It is known as the Newton Massacre, and the details of what happened in 1871 are sketchy — though there were several newspaper correspondents covering the cattle drives coming into Newton during the period.
The day is one that captures the imaginations of authors, some as famous as Louis L'Amour. It has also captured the imagination of independent filmmaker Nicholas Barton. His new movie, “Hyde Park,” is finished and awaiting entry into film festivals and a possible wider release next year.
“We have it entered in all the major festivals,” Barton said. “... Some of them reserve the rights to be to be world premieres. If we don't get in, we will move to a broader theatrical release.”
Barton has been an independent movie maker for about 10 years, a native Kansan, he grew up in Great Bend and graduated from Kansas State University. It was during a screening of his fictitious western “Wichita” in Newton in 2013 that the seeds of this new movie was planted — a movie goer told him to check out the stories of the Newton massacre and Hyde Park.
“I went home and looked it up and did some research,” Barton said. “It piqued my interest, and the more I looked into it, I realized there is a really, really cool story here. So many westerns and stories that we know about have the same, basic, three or four characters with Jesse James, Wyatt Earp and Billy the Kid. I'm more into telling stories that have not gotten their shine yet.”
Barton read everything he could find — newspaper reports and historical reports from the gunfight. He also took a look at what was going on politically in the Newton area at the time. He found conflicting stories of the gunfight.
According to the Harvey County Historical Society, numerous articles have been written in journals and magazines retelling the story. The facts remain the same. Five men died and three were wounded in Perry Tuttle’s Saloon in the early morning hours of 20 August 1871. One was shot by Hugh Anderson and four by a shooter known as Riley. Following the shoot out, Anderson is transported to Kansas City to recover from his wounds and the second shooter, Riley, disappears.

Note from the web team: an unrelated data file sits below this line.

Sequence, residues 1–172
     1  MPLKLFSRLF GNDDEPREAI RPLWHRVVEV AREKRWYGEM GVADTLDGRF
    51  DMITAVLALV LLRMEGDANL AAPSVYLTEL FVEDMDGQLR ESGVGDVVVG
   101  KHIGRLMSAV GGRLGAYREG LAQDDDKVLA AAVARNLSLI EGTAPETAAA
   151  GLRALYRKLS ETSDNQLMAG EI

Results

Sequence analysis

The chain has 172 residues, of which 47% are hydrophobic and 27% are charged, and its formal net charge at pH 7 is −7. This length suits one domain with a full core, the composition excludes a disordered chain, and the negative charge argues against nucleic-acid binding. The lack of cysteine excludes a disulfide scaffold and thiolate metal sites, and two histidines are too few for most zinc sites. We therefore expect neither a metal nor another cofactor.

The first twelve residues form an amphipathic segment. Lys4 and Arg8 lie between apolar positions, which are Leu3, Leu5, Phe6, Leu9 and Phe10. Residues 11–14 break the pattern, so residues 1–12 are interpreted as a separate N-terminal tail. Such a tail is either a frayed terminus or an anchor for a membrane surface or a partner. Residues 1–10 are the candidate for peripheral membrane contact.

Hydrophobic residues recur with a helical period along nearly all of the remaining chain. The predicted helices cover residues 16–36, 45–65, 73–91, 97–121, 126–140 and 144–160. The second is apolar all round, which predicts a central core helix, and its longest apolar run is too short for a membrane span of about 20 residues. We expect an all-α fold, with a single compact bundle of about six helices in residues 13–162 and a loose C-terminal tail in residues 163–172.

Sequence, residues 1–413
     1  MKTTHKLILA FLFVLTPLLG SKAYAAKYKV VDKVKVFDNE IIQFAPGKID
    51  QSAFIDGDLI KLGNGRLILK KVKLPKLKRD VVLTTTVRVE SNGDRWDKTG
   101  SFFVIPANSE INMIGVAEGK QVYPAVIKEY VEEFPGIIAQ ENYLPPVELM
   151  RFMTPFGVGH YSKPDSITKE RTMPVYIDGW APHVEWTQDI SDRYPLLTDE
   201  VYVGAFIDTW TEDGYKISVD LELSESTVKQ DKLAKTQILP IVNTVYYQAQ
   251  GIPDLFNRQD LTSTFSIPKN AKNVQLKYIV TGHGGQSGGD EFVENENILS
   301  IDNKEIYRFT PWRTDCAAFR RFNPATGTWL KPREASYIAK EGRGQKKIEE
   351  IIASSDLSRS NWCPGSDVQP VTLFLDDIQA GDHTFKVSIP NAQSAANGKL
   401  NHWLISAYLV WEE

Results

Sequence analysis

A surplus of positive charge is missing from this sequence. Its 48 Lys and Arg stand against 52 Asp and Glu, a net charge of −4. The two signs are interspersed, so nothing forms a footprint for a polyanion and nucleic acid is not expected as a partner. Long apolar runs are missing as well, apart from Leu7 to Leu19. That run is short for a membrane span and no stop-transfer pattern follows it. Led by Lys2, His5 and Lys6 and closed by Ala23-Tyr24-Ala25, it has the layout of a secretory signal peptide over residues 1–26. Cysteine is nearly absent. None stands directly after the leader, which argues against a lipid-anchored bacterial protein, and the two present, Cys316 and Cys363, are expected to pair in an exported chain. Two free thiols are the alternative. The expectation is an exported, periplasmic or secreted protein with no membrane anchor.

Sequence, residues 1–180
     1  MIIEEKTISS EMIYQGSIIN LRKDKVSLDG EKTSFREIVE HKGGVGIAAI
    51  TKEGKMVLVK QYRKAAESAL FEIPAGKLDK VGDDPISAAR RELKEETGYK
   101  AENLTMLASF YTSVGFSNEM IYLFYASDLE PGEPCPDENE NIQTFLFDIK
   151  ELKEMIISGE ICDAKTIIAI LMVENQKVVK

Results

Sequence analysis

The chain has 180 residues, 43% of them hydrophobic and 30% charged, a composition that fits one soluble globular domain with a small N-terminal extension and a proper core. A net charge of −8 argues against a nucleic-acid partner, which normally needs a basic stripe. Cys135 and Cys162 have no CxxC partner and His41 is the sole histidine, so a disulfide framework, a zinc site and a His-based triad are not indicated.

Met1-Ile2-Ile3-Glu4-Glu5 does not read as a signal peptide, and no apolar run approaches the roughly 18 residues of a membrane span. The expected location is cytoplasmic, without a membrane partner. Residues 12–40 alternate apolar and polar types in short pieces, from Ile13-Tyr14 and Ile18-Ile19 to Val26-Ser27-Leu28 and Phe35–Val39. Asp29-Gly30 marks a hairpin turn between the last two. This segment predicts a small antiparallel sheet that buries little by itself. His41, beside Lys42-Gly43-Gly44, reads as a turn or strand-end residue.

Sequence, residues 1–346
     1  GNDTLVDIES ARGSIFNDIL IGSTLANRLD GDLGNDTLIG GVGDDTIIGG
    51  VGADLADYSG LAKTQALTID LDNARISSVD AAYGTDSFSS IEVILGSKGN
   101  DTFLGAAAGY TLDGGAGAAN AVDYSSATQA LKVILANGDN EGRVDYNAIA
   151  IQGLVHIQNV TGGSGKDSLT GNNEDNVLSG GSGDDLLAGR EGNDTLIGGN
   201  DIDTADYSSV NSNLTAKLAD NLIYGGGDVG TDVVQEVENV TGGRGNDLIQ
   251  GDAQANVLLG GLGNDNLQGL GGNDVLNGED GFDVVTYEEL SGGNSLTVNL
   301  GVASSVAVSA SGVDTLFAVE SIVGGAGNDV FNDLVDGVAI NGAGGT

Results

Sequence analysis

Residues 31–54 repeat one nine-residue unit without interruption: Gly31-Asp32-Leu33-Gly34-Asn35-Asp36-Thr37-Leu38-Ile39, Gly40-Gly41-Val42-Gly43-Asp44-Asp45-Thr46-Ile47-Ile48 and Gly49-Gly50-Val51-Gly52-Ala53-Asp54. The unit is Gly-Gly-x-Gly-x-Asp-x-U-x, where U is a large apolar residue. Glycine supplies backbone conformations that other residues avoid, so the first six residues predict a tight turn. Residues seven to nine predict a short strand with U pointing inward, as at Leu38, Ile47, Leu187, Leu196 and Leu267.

That alone could make a heck of a western movie, but Barton went deeper. He wanted to tell a bigger story, and his research allowed for him to do that.
“I did a lot of digging and digging to find out as much as I could about it,” Barton said. “The more I started putting the story together, I started seeing modern familiarities. It was right at the cusp of the election season where everything was getting out of hand and heated. The more I dove into what was happening in Newton, it was the same thing that had been that catalyst and stirred the tension. At the crux of what happened in Newton was a really heated political debate about land grants that led to people to choosing hard stances.”
The movie became more than a gunfight movie, looking at political corruption.
“The larger story we wanted to tell was about the town,” Barton said. “We do our best to frame both sides of this. Both were inherently right and inherently wrong about their positions.”
According to the Harvey County Historical Society, the town popped up almost overnight. Downtown was filled with fake wooden storefronts that led into tents. Law enforcement in Newton was uncertain. The new town had to rely on township authorities from Sedgwick or special policemen hired by the saloon owners.
Into this environment of lawlessness came Texas cowboys, many of whom sided with the Confederacy during the Civil War, and northern veteran businessmen looking for a new start. The two groups mixed together on the streets and in the saloons with sometimes tragic results.
And then came Aug. 20, 1871.
Fueled by a political fight Aug. 11, Mike McCluskie was elected as one of two lawmen in town — Billy Bailey was the other. Both men were hired by Newton authorities as Special Policemen to keep order in the city during an August election. At that time, Newton was trying to form a new county and who would lead these efforts was a major debate among the locals.